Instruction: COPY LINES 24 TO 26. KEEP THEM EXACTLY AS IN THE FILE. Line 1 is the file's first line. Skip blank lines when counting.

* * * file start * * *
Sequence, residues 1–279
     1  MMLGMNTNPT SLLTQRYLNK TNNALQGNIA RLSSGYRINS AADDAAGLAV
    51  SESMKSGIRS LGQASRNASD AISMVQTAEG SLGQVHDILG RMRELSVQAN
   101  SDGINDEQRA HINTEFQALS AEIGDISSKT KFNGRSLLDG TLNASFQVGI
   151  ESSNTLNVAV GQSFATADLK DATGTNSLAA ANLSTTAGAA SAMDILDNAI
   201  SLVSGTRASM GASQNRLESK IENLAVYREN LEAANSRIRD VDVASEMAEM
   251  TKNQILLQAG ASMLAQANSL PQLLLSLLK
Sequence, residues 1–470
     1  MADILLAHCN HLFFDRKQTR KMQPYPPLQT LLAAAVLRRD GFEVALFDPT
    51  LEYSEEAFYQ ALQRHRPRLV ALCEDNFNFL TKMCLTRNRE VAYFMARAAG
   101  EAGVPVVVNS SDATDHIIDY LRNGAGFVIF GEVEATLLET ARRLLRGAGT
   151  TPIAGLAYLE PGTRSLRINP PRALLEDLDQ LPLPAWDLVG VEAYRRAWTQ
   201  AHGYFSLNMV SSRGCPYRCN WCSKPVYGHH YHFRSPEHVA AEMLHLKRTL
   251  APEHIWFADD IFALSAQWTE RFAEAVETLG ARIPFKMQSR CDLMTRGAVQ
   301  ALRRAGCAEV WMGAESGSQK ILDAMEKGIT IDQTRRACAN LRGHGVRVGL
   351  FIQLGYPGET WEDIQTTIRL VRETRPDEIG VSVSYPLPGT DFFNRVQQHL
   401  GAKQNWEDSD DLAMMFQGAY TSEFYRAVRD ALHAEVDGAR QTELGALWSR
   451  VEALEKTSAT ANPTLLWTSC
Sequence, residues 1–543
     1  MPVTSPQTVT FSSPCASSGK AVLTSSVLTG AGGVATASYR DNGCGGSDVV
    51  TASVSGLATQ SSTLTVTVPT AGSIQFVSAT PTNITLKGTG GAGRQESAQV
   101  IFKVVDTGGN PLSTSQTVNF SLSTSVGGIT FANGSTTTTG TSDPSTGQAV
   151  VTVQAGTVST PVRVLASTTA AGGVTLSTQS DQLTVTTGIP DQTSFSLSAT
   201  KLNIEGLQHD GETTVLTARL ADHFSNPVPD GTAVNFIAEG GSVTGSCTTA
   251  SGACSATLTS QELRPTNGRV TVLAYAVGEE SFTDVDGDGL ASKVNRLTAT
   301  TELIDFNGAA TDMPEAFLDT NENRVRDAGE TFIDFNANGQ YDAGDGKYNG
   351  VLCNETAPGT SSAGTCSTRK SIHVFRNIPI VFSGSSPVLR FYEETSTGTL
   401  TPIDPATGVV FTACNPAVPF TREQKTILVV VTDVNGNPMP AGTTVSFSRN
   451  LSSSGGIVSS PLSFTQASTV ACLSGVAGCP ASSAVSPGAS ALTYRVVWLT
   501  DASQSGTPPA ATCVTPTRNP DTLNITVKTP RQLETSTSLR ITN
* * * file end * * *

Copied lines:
   201  KLNIEGLQHD GETTVLTARL ADHFSNPVPD GTAVNFIAEG GSVTGSCTTA
   251  SGACSATLTS QELRPTNGRV TVLAYAVGEE SFTDVDGDGL ASKVNRLTAT
   301  TELIDFNGAA TDMPEAFLDT NENRVRDAGE TFIDFNANGQ YDAGDGKYNG